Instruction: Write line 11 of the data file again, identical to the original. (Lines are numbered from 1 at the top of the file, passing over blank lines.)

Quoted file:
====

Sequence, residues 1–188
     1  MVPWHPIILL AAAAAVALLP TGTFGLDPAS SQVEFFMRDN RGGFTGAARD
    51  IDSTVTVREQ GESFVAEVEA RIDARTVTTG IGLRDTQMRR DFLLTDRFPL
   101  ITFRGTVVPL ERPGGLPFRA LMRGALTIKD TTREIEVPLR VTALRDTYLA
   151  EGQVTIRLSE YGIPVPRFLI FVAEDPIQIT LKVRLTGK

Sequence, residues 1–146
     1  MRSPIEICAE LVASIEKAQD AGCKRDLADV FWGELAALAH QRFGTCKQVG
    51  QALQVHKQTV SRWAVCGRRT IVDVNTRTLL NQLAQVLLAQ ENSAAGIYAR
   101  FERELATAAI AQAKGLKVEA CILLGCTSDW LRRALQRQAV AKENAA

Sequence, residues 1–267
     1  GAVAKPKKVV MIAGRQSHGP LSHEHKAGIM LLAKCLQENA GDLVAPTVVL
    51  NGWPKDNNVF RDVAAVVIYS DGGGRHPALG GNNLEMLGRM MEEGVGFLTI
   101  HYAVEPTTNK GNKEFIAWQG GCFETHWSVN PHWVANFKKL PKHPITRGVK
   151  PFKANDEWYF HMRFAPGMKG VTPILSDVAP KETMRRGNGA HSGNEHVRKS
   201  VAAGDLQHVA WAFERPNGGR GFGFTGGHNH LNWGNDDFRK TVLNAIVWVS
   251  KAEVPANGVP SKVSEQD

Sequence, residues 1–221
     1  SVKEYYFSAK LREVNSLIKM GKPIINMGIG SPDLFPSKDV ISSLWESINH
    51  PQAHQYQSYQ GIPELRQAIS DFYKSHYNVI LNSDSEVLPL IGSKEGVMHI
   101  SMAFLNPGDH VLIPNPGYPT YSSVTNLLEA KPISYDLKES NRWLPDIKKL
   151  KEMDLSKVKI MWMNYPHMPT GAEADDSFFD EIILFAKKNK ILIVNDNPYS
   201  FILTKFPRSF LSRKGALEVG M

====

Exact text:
     1  GAVAKPKKVV MIAGRQSHGP LSHEHKAGIM LLAKCLQENA GDLVAPTVVL